Medical cures from the mouth of a mamba

Here, scientists suck all the dignity out of a Jameson’s mamba — a snake capable of killing a human in just a few, painful hours. The photo is part of a story in the February issue of National Geographic, exploring the potential medical uses of venom. There are also more photos. And you will meet cobra farmers.

© Mattias Klum /National Geographic


  1. So, I’m guessing you can do that to a snakes head because it still has all those bones in its skull and jaws that we mammals stuck in our ears and necks?

  2. I just read this article; it’s still on my nightstand.  Here’s the part that caused me to sit up and take notice, since some friends lost their daughter-in-law to brain cancer a little over a year ago, a cancer that began in her breasts:

    ‘Meanwhile, a neurotoxin from the venom of the giant deathstalker scorpion has been found to attach to the surface of brain cancer cells.  The overwhelming reason tumors come back is that surgeons can’t realiably distinguish good cells from bad at the growths’ edges.  Magnetic resonance imaging–the best available diagnostic tool–doesn’t detect masses smaller than about a billion cells.  This means surgeons have to find the boundaries between tumors and healthy tissue “purely by visual and textural cues,” says James Olson of the Fred Hutchinson Cancer Reasearch Center in Seattle, Washington.  “It’s a very imperfect science.  Glioma cells weave into normal tissue, and pieces sometimes get left behind.”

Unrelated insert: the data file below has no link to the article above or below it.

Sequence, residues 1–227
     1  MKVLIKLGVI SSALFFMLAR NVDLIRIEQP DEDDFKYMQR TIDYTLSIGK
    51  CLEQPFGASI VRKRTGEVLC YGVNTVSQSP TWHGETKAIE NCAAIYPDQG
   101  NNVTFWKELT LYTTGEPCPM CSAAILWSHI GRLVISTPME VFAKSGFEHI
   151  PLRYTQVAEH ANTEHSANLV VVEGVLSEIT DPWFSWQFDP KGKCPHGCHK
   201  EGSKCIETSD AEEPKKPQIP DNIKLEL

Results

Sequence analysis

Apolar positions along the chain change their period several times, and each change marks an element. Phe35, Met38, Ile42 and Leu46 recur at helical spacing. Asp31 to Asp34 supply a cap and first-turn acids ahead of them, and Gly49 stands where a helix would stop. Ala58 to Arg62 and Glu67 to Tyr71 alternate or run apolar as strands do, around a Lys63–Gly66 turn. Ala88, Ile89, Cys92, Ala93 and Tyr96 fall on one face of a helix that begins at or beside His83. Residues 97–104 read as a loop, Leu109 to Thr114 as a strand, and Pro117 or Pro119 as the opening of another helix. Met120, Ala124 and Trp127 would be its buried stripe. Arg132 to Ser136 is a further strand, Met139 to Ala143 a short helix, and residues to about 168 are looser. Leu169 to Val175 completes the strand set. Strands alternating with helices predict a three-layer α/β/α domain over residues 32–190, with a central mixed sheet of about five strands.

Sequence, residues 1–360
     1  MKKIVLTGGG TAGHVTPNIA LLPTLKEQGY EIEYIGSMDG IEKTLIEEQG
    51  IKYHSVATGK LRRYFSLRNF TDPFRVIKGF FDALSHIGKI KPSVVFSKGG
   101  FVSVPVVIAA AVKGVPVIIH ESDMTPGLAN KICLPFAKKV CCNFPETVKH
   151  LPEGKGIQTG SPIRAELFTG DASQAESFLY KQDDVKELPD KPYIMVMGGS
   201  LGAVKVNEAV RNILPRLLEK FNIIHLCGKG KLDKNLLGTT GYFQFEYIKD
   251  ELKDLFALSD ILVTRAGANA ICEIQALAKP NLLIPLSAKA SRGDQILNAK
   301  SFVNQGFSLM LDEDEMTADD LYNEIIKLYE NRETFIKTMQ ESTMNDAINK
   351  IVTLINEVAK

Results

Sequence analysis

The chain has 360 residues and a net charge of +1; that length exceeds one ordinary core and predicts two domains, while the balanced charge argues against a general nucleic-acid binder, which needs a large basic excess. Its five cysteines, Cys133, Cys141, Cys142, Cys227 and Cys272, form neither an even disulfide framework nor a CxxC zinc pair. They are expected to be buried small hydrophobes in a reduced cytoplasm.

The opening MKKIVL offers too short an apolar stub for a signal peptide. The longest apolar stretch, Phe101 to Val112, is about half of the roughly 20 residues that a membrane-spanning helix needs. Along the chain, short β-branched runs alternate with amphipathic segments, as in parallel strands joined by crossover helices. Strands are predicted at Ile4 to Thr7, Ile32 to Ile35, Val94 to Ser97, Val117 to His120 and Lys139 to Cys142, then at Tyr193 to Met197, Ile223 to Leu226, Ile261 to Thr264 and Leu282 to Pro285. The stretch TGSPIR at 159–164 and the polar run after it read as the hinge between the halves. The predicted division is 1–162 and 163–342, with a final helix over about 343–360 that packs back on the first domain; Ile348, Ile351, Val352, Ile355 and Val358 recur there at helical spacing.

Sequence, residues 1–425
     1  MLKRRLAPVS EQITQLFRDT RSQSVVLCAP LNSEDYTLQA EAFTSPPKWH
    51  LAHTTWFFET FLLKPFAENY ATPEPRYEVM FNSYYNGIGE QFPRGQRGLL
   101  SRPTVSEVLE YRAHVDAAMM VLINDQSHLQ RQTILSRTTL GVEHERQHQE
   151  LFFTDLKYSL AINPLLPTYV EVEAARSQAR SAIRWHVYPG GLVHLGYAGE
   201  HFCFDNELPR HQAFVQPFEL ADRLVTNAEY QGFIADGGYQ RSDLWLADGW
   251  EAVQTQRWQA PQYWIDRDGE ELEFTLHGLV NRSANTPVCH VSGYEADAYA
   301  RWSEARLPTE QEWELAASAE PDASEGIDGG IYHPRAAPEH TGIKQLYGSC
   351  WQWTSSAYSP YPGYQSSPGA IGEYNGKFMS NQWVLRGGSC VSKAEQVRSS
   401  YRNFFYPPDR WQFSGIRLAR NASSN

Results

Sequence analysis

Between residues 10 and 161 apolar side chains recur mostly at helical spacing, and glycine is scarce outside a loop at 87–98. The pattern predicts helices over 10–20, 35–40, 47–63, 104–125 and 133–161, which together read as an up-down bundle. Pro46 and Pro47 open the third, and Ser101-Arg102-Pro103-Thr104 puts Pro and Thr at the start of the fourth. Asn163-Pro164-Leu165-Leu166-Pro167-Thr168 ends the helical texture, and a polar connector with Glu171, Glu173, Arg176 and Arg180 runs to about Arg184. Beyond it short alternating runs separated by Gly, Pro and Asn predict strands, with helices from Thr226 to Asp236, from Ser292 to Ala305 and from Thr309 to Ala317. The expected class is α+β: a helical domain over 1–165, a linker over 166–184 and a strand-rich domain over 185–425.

Doctors who treat glioma, the most common form of brain cancer, created a “molecular flashlight” by marking chlorotoxin with a near-infrared dye.  On the very first trial, Olson says, the “tumor paint,” as he calls the scorpion-derived marker, “lit up the cancer beutifully.  We were literally jumping up and down because we knew what incredible potential this had.”  The paint reveals masses with as few as 200 tumor cells.  “You can truly see the tumor almost cell by cell,” Olson says.  “This will let surgeons get more out, maybe even 100 percent.”‘

    Jane had already been through one round of brain tumor removal, followed by chemo.  When they found it again in her brain, there were even more masses and the form was more aggressive.  Pursuing the second round was going to do her some serious brain damage, if she survived.  She didn’t.  As much as I love how much more effective this dyed toxin will make surgeons in finding all the cancer cells, I’m even more jazzed in how much more effective it will make chemo, so patients don’t have to repeat the poisoning again and again.  The odds of the cancer returning, even more aggressively, are greatly reduced.

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